UK Commercial Property Trust manager, Will Fulton, has been watching the Brexit situation closely, and his analysis led to a reorientation of his portfolio away from assets associated with bricks and mortar shopping.
‘I am very cautious about weaker-quality retail in towns with poor economies where I can see declining values as low wage growth and increased inflation pressurise consumption.’
On top of this, in the absence of any kind of certainty on the economic impact of Brexit, he has refocused the Trust to those sectors of the market he is confident will grow.
This has resulted in more of the portfolio now being in industrial assets, including distribution warehouses, an area where he is enthusiastic about the potential to grow rents and contribute towards earnings.
‘In the last 10 years, the building of new logistics distribution boxes and industrial space has been limited so there’s currently a lack of supply.’
He says this is playing ‘very nicely’ into the evolving story of retailers moving away, as they have been doing for some years now, from physical sales to online sales, which is driving demand for distribution warehouses.
However, growth assets such as these are not as cheap as they once were, as more investors get hold of the story. Fulton is keen to temper his enthusiasm, with a strict focus on valuation.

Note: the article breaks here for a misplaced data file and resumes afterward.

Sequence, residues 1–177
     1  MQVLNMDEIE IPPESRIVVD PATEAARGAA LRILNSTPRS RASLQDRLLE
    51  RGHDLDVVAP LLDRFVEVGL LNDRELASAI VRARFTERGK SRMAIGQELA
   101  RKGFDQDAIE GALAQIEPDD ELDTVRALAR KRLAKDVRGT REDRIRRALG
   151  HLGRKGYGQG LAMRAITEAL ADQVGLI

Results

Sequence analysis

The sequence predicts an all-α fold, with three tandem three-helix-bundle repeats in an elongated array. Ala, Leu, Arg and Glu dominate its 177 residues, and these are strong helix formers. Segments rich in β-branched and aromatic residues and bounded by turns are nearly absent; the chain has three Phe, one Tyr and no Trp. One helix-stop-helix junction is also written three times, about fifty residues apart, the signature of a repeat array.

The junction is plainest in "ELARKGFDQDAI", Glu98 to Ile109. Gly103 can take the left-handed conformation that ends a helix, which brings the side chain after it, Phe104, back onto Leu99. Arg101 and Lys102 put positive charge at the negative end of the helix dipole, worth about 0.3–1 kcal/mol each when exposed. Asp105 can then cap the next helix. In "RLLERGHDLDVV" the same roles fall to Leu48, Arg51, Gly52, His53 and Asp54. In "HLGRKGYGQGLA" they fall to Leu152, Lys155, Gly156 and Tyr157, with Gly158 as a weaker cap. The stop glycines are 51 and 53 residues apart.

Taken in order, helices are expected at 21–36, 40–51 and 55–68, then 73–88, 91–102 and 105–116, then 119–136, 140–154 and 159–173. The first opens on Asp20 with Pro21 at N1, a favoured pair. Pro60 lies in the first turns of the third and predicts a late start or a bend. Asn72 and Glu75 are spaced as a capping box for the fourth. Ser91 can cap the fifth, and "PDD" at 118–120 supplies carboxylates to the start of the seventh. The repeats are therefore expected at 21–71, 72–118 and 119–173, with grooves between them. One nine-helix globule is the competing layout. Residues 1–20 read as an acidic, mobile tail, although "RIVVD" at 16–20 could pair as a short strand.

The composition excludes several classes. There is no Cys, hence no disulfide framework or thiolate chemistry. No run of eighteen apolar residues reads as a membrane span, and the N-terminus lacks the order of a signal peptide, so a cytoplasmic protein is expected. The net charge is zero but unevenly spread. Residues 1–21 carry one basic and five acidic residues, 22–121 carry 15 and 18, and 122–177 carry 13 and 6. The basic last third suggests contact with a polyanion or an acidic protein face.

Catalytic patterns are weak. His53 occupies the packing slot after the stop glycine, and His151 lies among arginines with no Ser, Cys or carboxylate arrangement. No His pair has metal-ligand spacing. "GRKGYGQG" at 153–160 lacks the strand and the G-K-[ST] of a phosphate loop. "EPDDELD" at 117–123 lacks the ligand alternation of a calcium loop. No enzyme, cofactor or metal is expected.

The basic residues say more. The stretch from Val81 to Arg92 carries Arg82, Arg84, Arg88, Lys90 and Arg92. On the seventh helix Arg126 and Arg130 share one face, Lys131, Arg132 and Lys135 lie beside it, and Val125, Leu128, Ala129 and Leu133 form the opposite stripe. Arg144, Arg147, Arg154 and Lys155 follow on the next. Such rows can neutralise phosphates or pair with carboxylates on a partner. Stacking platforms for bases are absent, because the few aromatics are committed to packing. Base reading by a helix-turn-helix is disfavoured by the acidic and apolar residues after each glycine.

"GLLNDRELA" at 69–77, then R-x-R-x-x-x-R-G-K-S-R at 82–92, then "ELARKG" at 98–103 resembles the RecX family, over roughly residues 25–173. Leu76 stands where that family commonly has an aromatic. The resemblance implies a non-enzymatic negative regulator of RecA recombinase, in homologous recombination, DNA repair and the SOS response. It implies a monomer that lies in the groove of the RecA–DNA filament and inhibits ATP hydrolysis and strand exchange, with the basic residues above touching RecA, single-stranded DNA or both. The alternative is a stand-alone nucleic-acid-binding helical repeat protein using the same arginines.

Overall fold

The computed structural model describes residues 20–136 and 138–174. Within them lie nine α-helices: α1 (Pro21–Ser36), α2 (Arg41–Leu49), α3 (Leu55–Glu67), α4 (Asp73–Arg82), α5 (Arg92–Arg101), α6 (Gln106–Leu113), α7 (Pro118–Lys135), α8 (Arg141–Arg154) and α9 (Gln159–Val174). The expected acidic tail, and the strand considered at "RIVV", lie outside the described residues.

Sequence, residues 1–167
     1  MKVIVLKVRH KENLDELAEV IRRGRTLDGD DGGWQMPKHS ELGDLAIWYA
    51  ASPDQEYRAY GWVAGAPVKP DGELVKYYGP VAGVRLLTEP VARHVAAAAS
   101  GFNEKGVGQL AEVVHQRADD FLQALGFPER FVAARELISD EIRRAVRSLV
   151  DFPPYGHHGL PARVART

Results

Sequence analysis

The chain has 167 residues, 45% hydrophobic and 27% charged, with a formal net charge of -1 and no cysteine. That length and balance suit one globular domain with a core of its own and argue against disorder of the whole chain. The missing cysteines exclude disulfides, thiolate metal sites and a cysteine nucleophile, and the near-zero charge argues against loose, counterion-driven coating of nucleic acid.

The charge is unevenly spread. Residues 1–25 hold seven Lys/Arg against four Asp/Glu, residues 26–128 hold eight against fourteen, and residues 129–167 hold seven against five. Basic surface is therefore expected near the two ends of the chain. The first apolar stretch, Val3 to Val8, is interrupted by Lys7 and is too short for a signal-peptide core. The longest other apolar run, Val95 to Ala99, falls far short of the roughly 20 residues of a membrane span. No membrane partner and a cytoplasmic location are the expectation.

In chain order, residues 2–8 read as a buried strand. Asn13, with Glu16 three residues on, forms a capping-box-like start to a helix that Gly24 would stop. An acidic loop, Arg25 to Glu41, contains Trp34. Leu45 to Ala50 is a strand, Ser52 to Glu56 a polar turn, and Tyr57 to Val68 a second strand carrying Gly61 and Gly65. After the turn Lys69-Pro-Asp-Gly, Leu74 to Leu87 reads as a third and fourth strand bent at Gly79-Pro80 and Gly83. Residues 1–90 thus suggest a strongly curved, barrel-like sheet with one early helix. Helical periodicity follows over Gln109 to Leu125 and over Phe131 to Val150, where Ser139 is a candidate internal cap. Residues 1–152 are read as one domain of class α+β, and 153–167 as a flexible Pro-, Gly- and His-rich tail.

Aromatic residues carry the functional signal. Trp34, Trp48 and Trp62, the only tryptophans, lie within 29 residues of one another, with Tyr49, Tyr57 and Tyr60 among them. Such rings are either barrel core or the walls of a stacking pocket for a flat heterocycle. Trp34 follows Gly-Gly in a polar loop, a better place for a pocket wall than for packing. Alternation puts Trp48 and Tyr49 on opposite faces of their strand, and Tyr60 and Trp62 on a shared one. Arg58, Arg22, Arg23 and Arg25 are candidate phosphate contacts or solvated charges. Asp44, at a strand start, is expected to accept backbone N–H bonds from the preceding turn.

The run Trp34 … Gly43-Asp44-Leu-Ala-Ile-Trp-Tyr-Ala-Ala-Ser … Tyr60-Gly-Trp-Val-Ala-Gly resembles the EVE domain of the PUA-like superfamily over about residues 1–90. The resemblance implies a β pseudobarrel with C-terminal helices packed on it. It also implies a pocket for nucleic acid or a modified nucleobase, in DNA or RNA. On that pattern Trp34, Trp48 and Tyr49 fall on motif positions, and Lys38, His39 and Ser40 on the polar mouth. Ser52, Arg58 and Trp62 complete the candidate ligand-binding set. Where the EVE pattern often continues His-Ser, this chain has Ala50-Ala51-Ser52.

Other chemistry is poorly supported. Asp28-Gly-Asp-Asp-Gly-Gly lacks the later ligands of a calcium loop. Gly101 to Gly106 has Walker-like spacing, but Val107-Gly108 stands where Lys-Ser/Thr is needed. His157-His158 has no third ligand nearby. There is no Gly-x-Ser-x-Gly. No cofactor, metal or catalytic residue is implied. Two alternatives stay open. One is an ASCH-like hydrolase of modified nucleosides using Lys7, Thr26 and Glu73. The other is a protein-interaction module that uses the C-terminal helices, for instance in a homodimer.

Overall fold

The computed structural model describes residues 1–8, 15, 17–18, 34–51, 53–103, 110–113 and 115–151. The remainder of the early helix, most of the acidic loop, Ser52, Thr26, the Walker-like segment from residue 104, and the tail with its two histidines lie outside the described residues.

‘I really believe in the industrial market but a lot of it is now getting expensive, we have a third of the portfolio allocated here and have therefore benefited of late. I would buy in further but only at the right price.’
Assets already held within the portfolio include a warehouse in Burton upon Trent, bought at the start of 2017 at a yield on capital of 5.8%, with inflation-linked rent increases on a 15-year lease.
Others include warehouses in the South-East, near Wembley stadium and at Hatfield close to the M25/A1(M). The Trust also owns an industrial property at Gatwick Airport that has produced around 25% capital growth over the past two years. ‘We’ve achieved this by re-letting the stock and growing the rents over time’ he explains.
Fulton has £50 million of cash and £50 million of revolving credit to use tactically within the Trust to pursue attractive opportunities as they arise. Explaining how he deploys this firepower, he said:
‘My focus is on identifying assets with longer-term income, preferably with indexation at a yield that will be accretive to dividend cover; also assets in strong locations where pricing appears attractive and wider infrastructure improvements are in hand allowing external factors to enhance the prospects for rental growth.’
‘I think the key point in the current market is that it is less about capital growth and more about creating and manufacturing income, increasing rents in the portfolio that will drive earnings and future performance.’
Despite consumption-led confidence dips, he sees good tenant demand in his portfolio.
‘Generally, we have a very low vacancy rate at 4.4% and we are able to lease our space.’
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